MDWFP makes cases for illegal cervid importation

Effort part of plan to protect Mississippi deer from chronic wasting disease

Mississippi conservation officers last week made nine cases of illegal importation of cervid carcasses, enforcing a new regulation passed in May aimed at protecting the state’s deer herd from chronic wasting disease.

The Mississippi Department of Wildlife, Fisheries and Parks said the cases were made after calls from concerned citizens and through cooperation with other state and federal agencies.

In May, the Commission on Wildlife, Fisheries and Parks passed 40 Mississippi Admin. Code, Part 2, Rule 2.7 that states: It is unlawful to import, transport, or possess any portion of a cervid carcass originating from any state, territory, or foreign country where the occurrence of CWD has been confirmed by either the state wildlife agency, state agriculture agency, state veterinarian, United States Department of Agriculture (USDA) Animal Plant Health Inspection Service (APHIS), or the Canadian Food Inspection Agency (CFIA).

Exempt from the importation rule are:

• Meat from cervids that has been completely deboned.• Antlers, antlers attached to cleaned skull plates or cleaned skulls where no tissue is attached to the skull.• Cleaned teeth.• Finished taxidermy and antler products.• Hides and tanned products.• Any portions of white-tailed deer originating from the land between the Mississippi River levees in Arkansas.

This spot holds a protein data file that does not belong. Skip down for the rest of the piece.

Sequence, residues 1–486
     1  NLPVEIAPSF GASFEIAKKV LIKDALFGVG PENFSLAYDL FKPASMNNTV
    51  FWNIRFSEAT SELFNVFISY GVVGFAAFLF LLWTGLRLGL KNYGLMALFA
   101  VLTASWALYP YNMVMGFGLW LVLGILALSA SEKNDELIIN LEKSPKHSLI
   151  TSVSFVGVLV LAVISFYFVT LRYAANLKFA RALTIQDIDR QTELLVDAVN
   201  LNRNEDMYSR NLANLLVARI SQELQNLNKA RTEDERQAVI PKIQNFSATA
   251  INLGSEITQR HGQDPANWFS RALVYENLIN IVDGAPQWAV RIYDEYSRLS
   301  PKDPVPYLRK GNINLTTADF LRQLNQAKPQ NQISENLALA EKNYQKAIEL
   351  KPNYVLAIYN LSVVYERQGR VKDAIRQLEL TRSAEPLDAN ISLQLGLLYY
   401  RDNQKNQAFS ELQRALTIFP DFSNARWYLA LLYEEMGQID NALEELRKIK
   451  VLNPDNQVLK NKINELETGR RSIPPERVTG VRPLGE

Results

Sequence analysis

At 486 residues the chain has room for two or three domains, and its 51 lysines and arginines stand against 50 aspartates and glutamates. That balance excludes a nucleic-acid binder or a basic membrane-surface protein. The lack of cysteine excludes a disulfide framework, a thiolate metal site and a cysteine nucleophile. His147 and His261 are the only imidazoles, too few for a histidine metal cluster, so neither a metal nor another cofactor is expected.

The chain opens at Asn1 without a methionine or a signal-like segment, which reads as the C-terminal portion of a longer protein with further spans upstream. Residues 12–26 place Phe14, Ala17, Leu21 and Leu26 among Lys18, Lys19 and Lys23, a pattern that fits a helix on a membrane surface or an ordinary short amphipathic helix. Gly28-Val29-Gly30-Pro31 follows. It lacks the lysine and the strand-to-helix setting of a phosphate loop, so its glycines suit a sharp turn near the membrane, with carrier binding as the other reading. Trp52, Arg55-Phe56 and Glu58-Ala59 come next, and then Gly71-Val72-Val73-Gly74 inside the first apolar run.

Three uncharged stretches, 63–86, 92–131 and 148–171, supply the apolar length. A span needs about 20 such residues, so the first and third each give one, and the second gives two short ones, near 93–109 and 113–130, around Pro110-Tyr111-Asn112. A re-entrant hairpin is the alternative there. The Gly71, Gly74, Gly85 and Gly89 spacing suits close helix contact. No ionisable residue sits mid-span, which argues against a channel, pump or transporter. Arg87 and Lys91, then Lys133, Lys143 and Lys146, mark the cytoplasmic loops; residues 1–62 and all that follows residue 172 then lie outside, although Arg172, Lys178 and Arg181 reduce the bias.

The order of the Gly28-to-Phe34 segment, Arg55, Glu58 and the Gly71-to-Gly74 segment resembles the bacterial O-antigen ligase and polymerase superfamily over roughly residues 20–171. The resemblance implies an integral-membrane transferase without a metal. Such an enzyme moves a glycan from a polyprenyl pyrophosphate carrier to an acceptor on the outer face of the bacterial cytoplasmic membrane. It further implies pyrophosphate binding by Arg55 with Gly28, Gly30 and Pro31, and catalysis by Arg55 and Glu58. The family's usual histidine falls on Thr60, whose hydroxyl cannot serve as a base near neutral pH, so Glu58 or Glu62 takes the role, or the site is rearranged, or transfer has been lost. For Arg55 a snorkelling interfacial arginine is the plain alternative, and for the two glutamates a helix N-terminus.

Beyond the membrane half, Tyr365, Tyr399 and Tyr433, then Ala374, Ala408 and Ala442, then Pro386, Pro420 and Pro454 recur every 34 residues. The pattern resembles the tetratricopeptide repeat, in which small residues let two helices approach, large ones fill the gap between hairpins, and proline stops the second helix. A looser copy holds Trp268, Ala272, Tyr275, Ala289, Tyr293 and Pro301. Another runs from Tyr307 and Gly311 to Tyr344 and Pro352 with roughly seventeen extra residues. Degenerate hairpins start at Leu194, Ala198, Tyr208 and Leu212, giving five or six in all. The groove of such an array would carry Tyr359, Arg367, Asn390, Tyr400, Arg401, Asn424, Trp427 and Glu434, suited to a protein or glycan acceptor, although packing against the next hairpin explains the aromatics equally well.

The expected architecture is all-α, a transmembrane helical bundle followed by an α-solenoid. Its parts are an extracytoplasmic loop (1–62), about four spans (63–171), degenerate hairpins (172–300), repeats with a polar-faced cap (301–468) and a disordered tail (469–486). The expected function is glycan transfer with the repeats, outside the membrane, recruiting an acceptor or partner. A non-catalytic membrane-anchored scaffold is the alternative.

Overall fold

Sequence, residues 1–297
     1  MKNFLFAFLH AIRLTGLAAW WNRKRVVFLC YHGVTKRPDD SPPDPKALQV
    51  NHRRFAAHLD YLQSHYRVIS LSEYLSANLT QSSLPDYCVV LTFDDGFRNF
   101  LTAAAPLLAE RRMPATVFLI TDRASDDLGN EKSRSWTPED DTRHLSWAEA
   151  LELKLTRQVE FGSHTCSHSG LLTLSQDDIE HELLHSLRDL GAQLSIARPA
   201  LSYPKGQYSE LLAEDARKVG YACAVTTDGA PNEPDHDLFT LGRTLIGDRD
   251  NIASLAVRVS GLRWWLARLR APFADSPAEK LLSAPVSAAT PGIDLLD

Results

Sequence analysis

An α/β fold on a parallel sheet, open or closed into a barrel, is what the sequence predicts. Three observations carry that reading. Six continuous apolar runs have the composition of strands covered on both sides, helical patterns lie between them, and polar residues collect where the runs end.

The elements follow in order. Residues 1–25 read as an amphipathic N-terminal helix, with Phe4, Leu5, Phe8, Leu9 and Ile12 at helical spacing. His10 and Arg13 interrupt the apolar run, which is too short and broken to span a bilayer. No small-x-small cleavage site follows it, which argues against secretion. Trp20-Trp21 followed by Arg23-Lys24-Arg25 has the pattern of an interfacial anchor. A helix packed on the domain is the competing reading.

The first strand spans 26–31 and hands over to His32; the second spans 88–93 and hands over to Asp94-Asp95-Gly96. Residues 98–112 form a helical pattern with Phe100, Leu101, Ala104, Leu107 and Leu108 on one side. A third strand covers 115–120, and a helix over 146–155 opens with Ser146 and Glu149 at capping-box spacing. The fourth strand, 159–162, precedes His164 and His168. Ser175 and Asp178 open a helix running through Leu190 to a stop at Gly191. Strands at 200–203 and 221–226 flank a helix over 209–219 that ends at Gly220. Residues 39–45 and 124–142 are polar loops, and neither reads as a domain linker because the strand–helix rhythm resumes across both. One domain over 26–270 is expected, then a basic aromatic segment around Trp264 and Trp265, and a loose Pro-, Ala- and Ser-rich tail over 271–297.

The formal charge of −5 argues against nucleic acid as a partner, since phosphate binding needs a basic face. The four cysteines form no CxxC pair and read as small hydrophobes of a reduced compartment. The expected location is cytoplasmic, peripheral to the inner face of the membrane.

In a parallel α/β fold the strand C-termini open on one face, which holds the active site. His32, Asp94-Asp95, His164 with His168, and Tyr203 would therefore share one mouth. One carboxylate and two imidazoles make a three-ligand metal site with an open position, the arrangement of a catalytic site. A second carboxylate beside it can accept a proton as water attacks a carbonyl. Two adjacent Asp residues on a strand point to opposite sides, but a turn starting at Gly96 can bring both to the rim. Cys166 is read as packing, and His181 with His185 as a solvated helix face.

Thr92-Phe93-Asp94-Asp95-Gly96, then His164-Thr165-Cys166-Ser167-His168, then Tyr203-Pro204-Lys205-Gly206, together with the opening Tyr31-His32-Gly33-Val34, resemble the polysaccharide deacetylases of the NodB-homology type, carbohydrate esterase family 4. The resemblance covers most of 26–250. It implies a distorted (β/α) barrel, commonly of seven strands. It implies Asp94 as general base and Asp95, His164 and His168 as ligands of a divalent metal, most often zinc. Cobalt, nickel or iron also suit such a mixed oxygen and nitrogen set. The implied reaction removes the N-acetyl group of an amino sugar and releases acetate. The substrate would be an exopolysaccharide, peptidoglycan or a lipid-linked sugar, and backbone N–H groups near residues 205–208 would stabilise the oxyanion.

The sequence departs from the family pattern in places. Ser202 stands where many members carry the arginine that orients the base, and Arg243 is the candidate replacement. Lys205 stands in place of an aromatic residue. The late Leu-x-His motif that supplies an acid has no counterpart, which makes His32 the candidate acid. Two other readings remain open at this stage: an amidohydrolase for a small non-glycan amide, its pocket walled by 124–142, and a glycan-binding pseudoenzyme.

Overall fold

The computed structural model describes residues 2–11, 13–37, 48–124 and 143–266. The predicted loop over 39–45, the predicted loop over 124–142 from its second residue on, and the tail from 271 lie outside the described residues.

As of Aug. 31, CWD has been confirmed in the following states: Arkansas, Colorado, Illinois, Iowa, Kansas, Maryland, Michigan, Minnesota, Missouri, Montana, Nebraska, New Mexico, New York, North Dakota, Ohio, Oklahoma, Pennsylvania, South Dakota, Texas, Utah, Virginia, West Virginia, Wisconsin, and Wyoming. Additionally, the Canadian provinces of Alberta and Saskatchewan, Norway, and South Korea are CWD positive.

CWD has not been found in Mississippi, and the MDWFP plans to see that it doesn’t, at least not from deer killed and imported from another state.

“Hunters who are hunting in a CWD-positive state need to be aware of these new regulations before they bring their trophy back to Mississippi,” said Col. Steve Adcock, MDWFP Chief of Law Enforcement. “Our officers are working diligently to prevent CWD from entering into Mississippi.”

For more information on CWD, please visit the CWD Alliance website at

About Bobby Cleveland 30 Articles
Bobby Cleveland has covered sports in Mississippi for over 40 years. A native of Hattiesburg and graduate of the University of Southern Mississippi, Cleveland lives on Ross Barnett Reservoir near Jackson with his wife Pam.